The Apocalypse of Peter
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by Nick Cato
Category: Horror/Dark Fantasy
Description: It's The End of the World as You NEVER Knew It Seminary student Peter Barnes and his senior friend Harvey Connor didn't expect the last days to include neon meteor showers, unexplainable mutated creatures, or that they'd be housing an all-girl rock band. Thinking they must be the last people on earth, Peter's understanding of all he had been taught becomes rapidly overthrownâ?¦especially when a young, ghost-like figure calls him and an offbeat army on a mission to go up against a most unusual foe. Peter's faith is thrown through the ringer as he gets closer to discovering just what it is that has turned the planet into a festering eye-sore of theological chaosâ?¦ Excerpt: Since I didn't see anyone choking, vomiting, or passing out, and since I was starting to sweat like a gorilla in a sauna, I decided to step out of my little Toyota, amazed the spheres had missed my car. "You see what happened?" the old man said, as if we were already involved in a conversation. "Kind of. I saw a bunch of birds fly over that store then I heard the explosion." The old man looked at me with a gaze that sent chills down my back. Without saying a word, and with the Sun reflecting the yellow polka dots onto his baldhead, his countenance screamed, Something's wrong. Very wrong.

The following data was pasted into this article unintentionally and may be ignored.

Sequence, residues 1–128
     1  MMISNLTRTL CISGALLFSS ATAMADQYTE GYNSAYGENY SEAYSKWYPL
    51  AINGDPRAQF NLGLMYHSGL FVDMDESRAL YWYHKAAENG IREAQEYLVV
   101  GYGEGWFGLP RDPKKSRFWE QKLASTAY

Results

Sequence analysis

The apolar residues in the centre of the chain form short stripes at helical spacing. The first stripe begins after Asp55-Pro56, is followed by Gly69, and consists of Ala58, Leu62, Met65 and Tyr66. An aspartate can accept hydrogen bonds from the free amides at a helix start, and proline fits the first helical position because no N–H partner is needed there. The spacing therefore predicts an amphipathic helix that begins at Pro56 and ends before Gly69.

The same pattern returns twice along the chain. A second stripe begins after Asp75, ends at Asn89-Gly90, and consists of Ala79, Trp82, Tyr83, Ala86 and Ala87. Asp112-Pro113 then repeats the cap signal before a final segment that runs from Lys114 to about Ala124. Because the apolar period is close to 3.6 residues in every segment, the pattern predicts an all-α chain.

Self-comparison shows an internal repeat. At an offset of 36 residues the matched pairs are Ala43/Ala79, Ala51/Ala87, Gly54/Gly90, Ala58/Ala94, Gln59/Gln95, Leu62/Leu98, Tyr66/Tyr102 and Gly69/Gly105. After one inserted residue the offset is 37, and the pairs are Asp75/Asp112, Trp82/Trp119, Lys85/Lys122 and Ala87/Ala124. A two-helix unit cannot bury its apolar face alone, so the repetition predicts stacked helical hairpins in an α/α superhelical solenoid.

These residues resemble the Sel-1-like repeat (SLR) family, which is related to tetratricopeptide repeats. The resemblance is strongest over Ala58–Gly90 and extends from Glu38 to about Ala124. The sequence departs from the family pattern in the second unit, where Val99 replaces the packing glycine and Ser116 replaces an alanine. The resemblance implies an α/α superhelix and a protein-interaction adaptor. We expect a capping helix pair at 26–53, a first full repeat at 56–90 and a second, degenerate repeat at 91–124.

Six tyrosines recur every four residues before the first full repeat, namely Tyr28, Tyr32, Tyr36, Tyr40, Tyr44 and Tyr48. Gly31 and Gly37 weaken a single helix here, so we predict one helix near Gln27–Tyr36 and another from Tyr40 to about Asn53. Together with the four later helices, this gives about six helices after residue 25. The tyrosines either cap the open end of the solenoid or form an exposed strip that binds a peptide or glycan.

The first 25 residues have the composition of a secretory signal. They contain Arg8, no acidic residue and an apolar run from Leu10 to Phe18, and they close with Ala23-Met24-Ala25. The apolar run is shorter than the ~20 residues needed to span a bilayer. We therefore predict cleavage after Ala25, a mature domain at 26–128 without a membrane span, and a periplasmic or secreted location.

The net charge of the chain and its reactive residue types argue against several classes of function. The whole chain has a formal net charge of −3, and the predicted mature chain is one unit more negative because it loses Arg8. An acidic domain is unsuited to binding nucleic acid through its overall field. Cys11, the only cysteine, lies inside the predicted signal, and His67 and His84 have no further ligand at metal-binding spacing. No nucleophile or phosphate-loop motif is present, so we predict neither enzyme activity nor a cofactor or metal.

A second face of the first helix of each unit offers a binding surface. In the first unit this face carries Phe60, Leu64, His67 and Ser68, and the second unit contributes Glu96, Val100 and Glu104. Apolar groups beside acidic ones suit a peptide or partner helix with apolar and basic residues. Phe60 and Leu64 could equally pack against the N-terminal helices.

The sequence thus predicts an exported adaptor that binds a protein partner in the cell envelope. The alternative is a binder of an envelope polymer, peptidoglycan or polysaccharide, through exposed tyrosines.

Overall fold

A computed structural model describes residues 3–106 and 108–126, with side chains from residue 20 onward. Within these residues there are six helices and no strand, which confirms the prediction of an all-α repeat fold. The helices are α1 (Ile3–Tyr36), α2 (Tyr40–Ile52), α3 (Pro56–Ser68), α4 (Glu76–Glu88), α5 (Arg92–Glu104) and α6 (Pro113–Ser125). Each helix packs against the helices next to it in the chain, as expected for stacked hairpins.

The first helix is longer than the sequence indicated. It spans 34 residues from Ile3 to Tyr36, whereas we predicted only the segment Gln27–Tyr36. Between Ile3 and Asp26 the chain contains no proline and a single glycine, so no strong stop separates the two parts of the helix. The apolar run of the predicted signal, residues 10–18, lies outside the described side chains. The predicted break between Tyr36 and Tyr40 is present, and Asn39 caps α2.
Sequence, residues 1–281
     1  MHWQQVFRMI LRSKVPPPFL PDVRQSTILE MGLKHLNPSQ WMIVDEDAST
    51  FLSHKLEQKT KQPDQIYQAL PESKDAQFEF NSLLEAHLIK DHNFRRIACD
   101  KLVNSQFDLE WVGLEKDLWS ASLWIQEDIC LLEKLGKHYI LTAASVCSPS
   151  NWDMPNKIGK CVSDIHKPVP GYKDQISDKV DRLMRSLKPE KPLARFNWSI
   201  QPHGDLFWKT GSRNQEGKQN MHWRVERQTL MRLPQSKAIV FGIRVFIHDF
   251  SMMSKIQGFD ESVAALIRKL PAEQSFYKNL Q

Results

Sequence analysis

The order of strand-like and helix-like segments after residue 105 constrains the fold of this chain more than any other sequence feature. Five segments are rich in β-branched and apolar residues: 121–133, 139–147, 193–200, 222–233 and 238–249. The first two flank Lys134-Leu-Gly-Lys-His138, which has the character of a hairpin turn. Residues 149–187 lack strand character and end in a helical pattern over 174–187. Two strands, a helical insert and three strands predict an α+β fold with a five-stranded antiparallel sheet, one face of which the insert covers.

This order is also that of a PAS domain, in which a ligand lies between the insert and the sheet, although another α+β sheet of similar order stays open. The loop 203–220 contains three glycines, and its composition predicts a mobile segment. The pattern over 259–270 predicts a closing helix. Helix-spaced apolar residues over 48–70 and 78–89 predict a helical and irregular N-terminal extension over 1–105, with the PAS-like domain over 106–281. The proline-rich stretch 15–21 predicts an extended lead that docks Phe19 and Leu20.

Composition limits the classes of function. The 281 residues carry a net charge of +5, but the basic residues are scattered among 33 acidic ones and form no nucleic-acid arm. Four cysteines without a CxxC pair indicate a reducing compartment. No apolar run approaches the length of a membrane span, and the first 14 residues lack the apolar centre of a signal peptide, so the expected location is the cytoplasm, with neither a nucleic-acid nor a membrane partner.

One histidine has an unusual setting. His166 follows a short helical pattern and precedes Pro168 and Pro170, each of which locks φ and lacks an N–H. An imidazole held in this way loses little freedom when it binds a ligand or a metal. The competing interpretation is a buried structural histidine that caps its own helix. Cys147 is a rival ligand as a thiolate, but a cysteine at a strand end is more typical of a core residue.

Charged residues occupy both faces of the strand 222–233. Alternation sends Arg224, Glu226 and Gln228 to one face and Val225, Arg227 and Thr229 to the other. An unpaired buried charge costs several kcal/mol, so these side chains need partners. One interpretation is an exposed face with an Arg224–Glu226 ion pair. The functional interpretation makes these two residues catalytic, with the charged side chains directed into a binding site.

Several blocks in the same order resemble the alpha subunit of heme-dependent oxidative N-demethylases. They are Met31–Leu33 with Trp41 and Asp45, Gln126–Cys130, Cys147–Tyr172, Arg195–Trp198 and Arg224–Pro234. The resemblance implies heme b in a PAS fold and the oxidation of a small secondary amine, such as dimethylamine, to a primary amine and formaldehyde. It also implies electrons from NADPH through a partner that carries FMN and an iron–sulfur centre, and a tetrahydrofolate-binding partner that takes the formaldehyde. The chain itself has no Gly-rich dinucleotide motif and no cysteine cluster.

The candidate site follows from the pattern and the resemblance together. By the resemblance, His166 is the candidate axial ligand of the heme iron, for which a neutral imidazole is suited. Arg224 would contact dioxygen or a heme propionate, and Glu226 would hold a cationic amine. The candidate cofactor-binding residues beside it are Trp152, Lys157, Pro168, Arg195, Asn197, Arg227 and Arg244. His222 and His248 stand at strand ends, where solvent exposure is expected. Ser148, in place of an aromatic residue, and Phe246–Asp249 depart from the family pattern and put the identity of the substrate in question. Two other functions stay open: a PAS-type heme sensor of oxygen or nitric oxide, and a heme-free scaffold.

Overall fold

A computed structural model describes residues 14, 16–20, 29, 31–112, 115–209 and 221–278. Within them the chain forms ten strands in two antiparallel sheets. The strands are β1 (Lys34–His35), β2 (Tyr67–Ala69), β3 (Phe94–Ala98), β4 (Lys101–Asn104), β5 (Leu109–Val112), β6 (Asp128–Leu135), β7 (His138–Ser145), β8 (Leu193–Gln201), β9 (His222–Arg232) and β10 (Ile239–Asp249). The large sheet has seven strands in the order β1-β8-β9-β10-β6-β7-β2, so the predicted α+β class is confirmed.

eBook Publisher: Eternal Press/Damnation Books LLC/Damnation Books, 2012 2012
eBookwise Release Date: June 2012
Available eBook Formats: OEBFF Format (IMP) [122 KB]
Reading time: 56-78 min.
The Last Moments of Ordinary
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Please Read This Part First: